Tuesday, July 24, 2012

American 1900: DFW to DCA

Gate D21

American Airlines 2760: SAF to DFW

Monday, July 23, 2012

The Taos Pueblo and Huxley's Brave New World ... a memory visited

2012.07.20-IMG_5419The Pueblo people have always fascinated me. And of course, when you think about the Pueblos, the one that comes to mind first is the Taos Pueblo. As one of the longest continuously inhabited places on earth - and the longest in North America - it ranks alongside the Pyramids (in my mind) as the most significant structures created by humans.

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On this, my first trip to Santa Fe, the Taos Pueblo was my main goal. I had the chance to visit the Bandelier National Monument earlier on the trip so had the opportunity to see the ancient cliff dwelling Pueblo site there. It was a good introduction to the Taos Pueblo.

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Perhaps one of my first introductions to the Pueblo people came from Aldous Huxley's Brave New World. In Huxley's novel, the visitors from the Fordian future go to the "Malpais" Pueblo. I'm not sure which Pueblo Huxley modeled his fictional spot on, but in my mind, it was always Taos.

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Quotes from Brave New World

The journey was quite uneventful. The Blue Pacific Rocket was two and a half minutes early at New Orleans, lost four minutes in a tornado over Texas, but flew into a favourable air current at Longitude 95 West, and was able to land at Santa Fé less than forty seconds behind schedule time.

They slept that night at Santa Fé. The hotel was excellent—incomparably better, for example, than that horrible Aurora Bora Palace in which Lenina had suffered so much the previous summer. 

A bird’s-eye view of ten or a dozen of the principal pueblos, then a landing for lunch in the valley of Malpais. The rest-house was comfortable there, and up at the pueblo the savages would probably be celebrating their summer festival. It would be the best place to spend the night.

2012.07.20-IMG_5346Uphill and down, across the deserts of salt or sand, through forests, into the violet depth of canyons, over crag and peak and table-topped mesa, the fence marched on and on, irresistibly the straight line, the geometrical symbol of triumphant human purpose.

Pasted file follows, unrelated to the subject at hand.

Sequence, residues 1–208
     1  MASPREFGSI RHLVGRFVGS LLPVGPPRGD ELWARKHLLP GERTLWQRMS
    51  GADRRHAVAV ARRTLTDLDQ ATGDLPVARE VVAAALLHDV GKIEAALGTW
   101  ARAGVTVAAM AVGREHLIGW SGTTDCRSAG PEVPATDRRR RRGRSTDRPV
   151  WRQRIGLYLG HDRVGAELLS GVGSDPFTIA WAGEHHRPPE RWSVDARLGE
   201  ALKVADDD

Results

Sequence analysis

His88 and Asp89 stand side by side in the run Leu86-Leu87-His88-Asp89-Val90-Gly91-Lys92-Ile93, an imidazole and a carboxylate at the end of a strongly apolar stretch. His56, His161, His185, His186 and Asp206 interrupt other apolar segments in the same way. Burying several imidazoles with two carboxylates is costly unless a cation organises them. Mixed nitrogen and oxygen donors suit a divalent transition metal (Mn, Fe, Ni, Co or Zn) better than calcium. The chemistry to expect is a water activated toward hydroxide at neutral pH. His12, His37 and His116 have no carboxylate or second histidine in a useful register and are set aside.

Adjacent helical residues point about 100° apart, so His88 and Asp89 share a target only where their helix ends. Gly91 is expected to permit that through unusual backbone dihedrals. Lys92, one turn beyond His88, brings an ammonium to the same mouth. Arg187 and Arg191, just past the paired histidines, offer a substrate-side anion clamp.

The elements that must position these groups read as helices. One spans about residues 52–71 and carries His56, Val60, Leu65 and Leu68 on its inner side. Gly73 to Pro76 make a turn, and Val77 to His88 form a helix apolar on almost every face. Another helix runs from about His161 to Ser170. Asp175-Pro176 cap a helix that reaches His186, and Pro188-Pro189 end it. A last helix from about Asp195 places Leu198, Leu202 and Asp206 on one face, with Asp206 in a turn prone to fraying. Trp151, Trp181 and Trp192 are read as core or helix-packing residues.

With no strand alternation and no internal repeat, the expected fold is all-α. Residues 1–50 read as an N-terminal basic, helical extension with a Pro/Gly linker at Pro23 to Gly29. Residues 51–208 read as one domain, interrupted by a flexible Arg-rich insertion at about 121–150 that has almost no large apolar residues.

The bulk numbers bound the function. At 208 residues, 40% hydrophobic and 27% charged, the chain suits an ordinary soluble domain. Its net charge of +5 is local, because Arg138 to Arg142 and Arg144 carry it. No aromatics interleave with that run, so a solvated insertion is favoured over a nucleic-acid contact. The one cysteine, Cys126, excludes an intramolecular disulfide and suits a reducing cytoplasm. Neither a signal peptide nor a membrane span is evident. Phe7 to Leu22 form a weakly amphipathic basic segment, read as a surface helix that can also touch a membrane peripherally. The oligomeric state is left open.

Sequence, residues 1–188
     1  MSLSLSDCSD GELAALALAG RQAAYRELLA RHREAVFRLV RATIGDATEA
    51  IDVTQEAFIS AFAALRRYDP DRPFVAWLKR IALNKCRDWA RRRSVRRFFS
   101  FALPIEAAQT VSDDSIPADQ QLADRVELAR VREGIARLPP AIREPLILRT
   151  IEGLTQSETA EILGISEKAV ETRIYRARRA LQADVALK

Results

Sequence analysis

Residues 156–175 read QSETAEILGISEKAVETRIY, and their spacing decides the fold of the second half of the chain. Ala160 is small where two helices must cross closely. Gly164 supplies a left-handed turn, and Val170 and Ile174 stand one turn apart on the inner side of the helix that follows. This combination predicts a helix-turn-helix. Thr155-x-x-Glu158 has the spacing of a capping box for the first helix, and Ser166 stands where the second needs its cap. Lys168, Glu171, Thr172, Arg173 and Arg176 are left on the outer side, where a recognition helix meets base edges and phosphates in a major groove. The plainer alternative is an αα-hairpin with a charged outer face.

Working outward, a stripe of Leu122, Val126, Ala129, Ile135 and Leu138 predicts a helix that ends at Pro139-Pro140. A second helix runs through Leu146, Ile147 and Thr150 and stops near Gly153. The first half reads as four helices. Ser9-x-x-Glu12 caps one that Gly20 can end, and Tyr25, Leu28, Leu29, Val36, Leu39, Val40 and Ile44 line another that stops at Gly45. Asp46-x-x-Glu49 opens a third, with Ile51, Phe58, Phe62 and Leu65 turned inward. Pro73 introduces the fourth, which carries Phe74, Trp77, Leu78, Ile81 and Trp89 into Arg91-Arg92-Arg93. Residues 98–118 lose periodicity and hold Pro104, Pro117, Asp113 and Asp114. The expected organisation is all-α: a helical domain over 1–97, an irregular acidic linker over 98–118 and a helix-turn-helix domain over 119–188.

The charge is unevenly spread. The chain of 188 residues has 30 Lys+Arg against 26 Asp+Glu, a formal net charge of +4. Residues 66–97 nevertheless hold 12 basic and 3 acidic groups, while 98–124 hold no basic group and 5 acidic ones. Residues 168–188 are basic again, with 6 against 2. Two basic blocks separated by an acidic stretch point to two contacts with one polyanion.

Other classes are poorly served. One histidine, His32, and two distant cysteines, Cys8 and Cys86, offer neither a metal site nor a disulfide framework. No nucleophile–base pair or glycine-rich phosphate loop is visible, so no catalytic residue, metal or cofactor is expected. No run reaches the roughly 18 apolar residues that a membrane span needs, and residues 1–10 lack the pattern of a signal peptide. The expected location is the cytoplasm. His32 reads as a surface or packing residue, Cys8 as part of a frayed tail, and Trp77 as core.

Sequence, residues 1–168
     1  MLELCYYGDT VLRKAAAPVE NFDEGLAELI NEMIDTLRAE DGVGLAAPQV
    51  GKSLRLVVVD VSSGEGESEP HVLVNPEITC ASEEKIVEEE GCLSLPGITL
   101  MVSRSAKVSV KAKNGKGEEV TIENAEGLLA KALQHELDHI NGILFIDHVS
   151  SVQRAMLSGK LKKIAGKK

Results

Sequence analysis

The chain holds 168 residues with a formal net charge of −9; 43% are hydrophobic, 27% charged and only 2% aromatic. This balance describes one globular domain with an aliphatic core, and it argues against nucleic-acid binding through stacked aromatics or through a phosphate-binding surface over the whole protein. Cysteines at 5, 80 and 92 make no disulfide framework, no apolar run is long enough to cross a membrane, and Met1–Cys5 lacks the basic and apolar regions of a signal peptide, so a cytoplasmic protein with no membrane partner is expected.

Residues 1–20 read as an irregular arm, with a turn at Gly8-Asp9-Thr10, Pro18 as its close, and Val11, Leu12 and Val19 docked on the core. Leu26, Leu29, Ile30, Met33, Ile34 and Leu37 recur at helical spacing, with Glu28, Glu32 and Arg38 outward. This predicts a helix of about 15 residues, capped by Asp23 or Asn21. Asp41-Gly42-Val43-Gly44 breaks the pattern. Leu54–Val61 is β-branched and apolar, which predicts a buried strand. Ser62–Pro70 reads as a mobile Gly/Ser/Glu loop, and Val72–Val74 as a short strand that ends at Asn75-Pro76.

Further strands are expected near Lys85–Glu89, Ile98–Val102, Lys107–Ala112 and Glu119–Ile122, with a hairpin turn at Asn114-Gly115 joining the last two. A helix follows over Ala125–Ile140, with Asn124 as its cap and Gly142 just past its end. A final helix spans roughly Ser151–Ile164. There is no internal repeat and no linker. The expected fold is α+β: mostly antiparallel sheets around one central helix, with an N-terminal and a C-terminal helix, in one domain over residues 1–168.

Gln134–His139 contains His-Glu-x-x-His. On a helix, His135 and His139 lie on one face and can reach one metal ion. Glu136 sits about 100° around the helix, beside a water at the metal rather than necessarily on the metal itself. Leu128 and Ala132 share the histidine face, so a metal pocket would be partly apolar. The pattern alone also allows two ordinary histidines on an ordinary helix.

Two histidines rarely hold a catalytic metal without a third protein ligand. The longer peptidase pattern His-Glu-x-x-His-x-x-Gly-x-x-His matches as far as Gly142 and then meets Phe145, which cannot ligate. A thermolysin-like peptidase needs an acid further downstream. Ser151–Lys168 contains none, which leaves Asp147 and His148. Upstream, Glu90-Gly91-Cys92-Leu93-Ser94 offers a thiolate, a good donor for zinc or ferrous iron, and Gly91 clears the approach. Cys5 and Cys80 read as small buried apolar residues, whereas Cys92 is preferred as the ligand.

2012.07.20-IMG_5331The mesa was like a ship becalmed in a strait of lion-coloured dust. The channel wound between precipitous banks, and slanting from one wall to the other across the valley ran a streak of green—the river and its fields. On the prow of that stone ship in the centre of the strait, and seemingly a part of it, a shaped and geometrical outcrop of the naked rock, stood the pueblo of Malpais. Block above block, each story smaller than the one below, the tall houses rose like stepped and amputated pyramids into the blue sky. At their feet lay a straggle of low buildings, a criss-cross of walls; and on three sides the precipices fell sheer into the plain.

Presentation on the #DPLA at the NAGARA/CoSA Joint Meeting

2012.07.21-IMG_5495Here's my presentation for the NAGARA/CoSA Joint Meeting (Santa Fe, NM, 21 July 2012). Also on my panel were Emily Gore and Julia Marks Young.

The Digital Public Library of America: An Overview and Working with the National Collections. Martin R. Kalfatovic. NAGARA/CoSA Joint Conference. Santa Fe, New Mexico. 21 June 2012.

Sunday, July 22, 2012

Kokopelli chianti

Have had some very nice New Mexico wine!

In the past, people were shorter & had large bumps on their heads

Because nothing says Rancho de las Golondrinas fiesta like a hot dog

With ketchup.